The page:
The term was first popularised by the Runnymede Trust in a report published in 1997. The term had emerged following the need for a specific word to focus minds and lead to substantive action against growing anti-Muslim prejudice. It was initially defined as “unfounded hostility towards Muslims, and therefore fear or dislike of all or most Muslims” with the “phobia” element based on the common “xenophobia” framework in a similar way to homophobia.

    From the outset and in that Runnymede report, it has always been made clear that Islamophobia does not encompass disagreement, criticism or even condemnation of Islam. It is complete hogwash to pretend otherwise.

    Yet, in order to cast doubt on the premise of the term, detractors consistently try to conflate critique of the faith with the broader hostility towards the people of that faith.

    It must be noted, however, that there are some who hide behind “criticism of Islam” as they attempt to legitimise their bigotry, such as author Douglas Murray’s theory that less Islam is a solution to terrorism. While using the term “Islam”, what that implies is that we need fewer Muslims to keep British shores safe.

    It is difficult to understand how such a goal could be achieved other than through some form of ethnic cleansing or mass deportation. This is not “criticism of Islam” and falls well within the scope of Islamophobia.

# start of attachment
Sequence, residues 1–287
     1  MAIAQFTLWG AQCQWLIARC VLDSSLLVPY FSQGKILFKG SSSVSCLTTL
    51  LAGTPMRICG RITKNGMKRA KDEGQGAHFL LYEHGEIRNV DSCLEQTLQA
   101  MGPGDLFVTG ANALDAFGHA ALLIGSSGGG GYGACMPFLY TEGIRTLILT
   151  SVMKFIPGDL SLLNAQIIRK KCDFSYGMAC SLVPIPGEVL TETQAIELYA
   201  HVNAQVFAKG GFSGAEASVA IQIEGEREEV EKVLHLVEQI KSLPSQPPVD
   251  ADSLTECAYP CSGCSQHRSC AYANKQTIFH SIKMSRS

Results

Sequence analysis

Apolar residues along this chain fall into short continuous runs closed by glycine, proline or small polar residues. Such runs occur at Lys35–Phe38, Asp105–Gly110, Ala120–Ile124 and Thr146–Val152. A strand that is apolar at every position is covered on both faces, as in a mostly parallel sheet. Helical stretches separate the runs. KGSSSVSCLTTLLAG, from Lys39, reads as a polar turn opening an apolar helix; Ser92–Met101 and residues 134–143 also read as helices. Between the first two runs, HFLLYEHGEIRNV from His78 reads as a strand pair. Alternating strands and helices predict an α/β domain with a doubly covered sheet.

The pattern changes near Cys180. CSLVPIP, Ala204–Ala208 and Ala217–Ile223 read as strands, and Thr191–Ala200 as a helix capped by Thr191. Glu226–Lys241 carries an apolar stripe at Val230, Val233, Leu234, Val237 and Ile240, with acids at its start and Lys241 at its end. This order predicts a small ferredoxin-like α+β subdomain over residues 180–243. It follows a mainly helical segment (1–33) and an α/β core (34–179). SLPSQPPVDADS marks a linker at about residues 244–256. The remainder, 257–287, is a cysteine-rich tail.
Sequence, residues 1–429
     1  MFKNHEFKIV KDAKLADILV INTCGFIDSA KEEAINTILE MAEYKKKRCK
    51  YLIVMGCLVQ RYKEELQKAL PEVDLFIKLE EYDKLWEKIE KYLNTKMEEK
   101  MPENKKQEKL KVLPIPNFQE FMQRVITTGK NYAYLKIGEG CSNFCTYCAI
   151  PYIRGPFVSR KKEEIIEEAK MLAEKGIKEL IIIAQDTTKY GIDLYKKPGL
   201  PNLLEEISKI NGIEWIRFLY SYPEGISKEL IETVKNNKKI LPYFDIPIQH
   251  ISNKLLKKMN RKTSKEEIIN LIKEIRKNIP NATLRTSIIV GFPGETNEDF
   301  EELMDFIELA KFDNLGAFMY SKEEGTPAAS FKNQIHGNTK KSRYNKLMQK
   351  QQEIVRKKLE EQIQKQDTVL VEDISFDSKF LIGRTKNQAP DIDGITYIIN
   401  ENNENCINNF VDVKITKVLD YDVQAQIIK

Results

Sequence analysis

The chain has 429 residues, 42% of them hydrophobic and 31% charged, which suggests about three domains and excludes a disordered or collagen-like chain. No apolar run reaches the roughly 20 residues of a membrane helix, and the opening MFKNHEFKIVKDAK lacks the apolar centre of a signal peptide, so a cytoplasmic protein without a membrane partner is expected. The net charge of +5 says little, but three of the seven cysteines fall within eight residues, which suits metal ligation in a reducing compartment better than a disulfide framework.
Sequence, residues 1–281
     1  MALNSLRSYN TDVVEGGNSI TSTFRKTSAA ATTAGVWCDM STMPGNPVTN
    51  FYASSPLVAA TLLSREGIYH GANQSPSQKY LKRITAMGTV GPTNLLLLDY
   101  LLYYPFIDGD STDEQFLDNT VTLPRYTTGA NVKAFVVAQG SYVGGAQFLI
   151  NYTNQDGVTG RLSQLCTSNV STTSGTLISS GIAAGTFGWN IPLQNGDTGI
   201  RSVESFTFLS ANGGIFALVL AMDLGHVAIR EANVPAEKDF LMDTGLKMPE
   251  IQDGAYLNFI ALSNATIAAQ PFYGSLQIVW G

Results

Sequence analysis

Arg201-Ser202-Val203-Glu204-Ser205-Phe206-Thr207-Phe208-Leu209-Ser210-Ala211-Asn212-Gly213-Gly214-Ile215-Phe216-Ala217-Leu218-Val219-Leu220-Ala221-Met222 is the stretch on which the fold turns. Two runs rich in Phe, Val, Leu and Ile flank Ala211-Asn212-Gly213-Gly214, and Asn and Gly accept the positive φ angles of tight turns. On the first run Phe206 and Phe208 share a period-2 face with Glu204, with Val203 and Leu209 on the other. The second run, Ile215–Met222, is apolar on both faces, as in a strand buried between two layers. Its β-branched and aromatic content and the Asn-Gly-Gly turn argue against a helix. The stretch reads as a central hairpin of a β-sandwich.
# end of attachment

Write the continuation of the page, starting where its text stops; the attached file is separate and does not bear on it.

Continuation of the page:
In order to placate those bullies wishing to delegitimize claims of Islamophobia, there are some who are now naively providing cover for this type of bigotry by calling for the use of the term “anti-Muslim hatred” instead, seemingly to ensure action against Islamophobia is not derailed by a discussion on definition.

    However, Islamophobia goes far beyond mere hatred. As the latest Runnymede report states: “Referring only to ‘anti-Muslim hate’ (or even ‘anti-Muslim prejudice and discrimination’) doesn’t fully capture the widespread (or structural) ways racial inequalities persist. It may also get things back to front: prejudicial attitudes about a group develop to justify the economic or political disadvantages experienced by that group.

    The fact that 31% of young children think Muslims are taking over England; the fact that 37% of Brits would support a political party that would reduce the number of Muslims in the UK; the fact that Muslim men are 76% less likely to be employed than their white Christian counterparts; and the fact that half the British Muslim population live in the 10% most deprived areas in the UK. None of these can be constrained to hatred alone – but the contributing factors all fit under this broader umbrella of Islamophobia.

    Furthermore, Islamophobia as a term has become well established with this broader meaning of anti-Muslim racism. Its usage spans across the globe beyond academics and researchers, to mainstream communities, police and media, including our own prime minister, all of whom understand what the term means.

    Islamophobia is real, normalised in many sections of our society and appears to be on the rise in all its forms. Rather than delegitimizing the term, we should call out if it is misused and more importantly, push our government to do something about it.
    In the end, the idea that those who engage in Islamophobia or deny its existence should be driving our word choice is ludicrous, and changing the term will not stop their bigotry.